We need no suppressive 'human rights bill' -- Akahata editorial, March 17, 2005 (excerpts)

The Human Rights Protection bill that the government intends to submit in the current Diet session is arousing criticism. Disagreement or opposition is being expressed even by Liberal Democratic Party members of the Diet.

This is because the bill not only falls short of offering measures that will help swiftly solve human rights violations, despite the keen public demand, but will actually threaten the freedoms of speech and expression. The bill has substantial defects as follows:

The human rights commission to be established as an external body of the Ministry of Justice will be assigned to relieve human rights violation victims of illegal discrimination and abuses.

Although it is natural that the commission should control unjust and discriminatory treatments by government offices or corporations, the bill will put citizens' actions of speech and expression under control.

The vague definition of 'discrimination' will allow the commission to impose an arbitrary interpretation.

How can we accept such a bill that violates Article 21 of the Constitution: "Freedom of assembly and association as well as speech, press and all other forms of expression are guaranteed" ?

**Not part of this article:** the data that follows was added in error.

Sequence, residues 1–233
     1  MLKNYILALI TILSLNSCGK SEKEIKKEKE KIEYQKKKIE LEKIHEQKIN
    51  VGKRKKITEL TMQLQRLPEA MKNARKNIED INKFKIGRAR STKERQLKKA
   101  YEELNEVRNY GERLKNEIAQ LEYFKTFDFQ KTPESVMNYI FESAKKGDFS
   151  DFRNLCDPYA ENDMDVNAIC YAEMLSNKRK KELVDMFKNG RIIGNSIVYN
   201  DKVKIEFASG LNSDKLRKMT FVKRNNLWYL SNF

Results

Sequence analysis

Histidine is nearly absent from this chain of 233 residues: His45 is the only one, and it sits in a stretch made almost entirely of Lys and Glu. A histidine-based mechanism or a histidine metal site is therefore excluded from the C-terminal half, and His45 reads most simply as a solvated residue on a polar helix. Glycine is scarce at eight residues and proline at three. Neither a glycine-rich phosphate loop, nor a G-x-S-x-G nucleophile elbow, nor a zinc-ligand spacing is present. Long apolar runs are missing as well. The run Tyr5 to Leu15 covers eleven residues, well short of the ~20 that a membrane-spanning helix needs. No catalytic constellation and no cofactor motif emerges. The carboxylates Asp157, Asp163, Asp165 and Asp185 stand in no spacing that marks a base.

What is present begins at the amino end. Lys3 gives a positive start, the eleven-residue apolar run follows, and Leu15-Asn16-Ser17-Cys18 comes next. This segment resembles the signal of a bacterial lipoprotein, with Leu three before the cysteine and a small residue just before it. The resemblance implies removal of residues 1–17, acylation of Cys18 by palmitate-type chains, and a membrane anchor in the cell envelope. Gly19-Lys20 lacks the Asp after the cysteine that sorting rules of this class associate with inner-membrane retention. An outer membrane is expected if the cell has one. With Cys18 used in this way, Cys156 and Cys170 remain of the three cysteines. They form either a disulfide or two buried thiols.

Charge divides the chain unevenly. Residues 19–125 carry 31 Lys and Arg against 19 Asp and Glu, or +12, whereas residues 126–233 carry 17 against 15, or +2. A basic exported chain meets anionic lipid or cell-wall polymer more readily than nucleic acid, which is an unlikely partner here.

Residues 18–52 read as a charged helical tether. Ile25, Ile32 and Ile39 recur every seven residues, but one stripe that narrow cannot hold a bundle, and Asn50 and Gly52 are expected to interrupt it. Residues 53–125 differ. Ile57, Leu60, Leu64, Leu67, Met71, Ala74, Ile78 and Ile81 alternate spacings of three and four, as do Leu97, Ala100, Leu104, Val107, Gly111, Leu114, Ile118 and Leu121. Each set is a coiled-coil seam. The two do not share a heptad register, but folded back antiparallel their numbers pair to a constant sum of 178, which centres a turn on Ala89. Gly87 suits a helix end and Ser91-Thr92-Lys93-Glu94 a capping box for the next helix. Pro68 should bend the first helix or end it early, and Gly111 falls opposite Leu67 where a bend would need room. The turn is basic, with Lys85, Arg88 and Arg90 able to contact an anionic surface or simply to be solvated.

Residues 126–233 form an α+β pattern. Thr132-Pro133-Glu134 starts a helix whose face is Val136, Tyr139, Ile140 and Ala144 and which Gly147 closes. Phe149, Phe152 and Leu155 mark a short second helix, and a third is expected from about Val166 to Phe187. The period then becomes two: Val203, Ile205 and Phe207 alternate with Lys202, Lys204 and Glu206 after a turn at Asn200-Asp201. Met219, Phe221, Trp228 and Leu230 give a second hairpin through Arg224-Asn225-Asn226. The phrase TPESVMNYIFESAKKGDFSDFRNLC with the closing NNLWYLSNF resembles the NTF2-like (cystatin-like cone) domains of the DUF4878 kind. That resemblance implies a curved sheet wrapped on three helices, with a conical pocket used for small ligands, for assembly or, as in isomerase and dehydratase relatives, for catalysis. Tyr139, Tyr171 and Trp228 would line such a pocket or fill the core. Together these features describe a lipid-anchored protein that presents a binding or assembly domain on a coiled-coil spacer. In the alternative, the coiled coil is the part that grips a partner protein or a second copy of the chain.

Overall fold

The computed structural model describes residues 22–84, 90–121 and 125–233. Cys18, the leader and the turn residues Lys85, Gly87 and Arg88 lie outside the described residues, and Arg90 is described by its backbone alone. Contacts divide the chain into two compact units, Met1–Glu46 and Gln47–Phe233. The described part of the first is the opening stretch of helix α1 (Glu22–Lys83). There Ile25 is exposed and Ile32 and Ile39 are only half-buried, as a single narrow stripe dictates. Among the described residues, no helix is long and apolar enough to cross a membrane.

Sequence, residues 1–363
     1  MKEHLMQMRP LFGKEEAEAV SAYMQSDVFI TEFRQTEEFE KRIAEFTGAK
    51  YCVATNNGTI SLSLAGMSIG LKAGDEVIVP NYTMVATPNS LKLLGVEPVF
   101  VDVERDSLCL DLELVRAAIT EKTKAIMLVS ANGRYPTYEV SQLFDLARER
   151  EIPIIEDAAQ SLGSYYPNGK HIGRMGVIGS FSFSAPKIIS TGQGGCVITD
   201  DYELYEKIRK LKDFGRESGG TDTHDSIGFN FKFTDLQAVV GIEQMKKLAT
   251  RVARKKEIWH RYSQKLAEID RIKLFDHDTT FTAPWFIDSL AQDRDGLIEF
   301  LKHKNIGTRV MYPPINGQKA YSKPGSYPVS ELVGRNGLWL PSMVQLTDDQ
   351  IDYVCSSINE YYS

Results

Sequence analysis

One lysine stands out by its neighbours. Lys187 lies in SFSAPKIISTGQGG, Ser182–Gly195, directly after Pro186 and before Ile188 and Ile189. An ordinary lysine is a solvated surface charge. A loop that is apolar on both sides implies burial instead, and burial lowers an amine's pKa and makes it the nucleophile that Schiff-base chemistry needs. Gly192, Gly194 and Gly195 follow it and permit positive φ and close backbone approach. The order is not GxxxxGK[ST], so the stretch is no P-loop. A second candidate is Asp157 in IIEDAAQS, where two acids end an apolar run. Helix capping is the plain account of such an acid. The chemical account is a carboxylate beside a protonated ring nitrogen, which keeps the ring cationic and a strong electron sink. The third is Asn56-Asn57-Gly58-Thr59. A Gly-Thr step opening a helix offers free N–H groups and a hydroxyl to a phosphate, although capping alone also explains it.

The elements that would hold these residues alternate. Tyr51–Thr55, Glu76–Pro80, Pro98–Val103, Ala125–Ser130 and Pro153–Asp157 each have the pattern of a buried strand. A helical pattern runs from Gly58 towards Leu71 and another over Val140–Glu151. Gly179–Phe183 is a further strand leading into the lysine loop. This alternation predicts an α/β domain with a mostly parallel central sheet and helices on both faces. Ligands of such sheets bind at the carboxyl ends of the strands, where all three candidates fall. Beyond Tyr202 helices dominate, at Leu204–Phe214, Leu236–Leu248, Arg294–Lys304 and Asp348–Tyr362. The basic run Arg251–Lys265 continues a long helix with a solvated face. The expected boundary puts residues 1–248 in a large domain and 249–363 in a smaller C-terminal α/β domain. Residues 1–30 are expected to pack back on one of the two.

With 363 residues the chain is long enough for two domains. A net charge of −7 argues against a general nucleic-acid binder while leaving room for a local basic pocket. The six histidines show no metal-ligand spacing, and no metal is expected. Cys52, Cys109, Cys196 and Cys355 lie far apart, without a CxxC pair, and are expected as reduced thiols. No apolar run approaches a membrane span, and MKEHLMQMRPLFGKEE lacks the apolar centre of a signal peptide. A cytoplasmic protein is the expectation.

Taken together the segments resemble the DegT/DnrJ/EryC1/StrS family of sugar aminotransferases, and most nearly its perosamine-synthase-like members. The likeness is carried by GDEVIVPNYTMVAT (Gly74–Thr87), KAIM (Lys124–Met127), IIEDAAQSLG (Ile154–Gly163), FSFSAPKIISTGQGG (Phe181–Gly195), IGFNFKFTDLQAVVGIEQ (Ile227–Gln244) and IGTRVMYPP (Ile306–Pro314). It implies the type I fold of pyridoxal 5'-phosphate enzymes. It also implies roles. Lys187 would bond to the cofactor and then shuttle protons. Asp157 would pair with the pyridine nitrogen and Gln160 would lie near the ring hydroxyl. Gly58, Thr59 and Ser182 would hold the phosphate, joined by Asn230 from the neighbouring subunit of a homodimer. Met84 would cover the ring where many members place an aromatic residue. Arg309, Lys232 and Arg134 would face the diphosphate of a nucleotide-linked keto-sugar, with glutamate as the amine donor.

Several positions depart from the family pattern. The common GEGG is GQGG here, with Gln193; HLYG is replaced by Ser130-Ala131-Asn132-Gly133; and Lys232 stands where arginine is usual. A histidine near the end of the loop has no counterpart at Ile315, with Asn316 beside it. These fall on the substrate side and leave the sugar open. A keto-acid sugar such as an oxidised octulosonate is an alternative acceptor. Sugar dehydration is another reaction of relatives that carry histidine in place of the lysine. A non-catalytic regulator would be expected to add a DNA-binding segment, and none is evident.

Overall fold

The bill will be too helpless in relieving victims of human rights violations by government authorities and private sector corporations.

The commission as an external body of the Justice Ministry cannot give relief to victims of human rights violations in jails, which are under the jurisdiction of the Justice Ministry. Despite many cases of violations by police or the Defense Agency regarding the freedoms of expression and privacy, the bill is not designed to make any recommendations or disclosures.

Also, the bill will not deal with prevalent human rights violations in corporations by leaving the matter to the Health, Labor, and Welfare Ministry.

By saying that the "commission shall pay due consideration to guaranteeing the freedom of expression of the news media," the government hints at 'freezing' the relevant clause. However, it can be lifted anytime and used to control the media with threats.

The clause regulating media activities must be eliminated, and violation of human rights caused by media reports should be resolved through media's voluntary efforts.

The P.E.N. Club's committees on speech/expression and human rights as well as five other media-related organizations have published opposition statements to the bill, saying that it is designed to allow easy-going regulation of freedom of expression.

We must stop the bill from being submitted to the Diet. What we need is a national consensus to establish a scheme for the relief of human rights victims, and start from scratch. (end)

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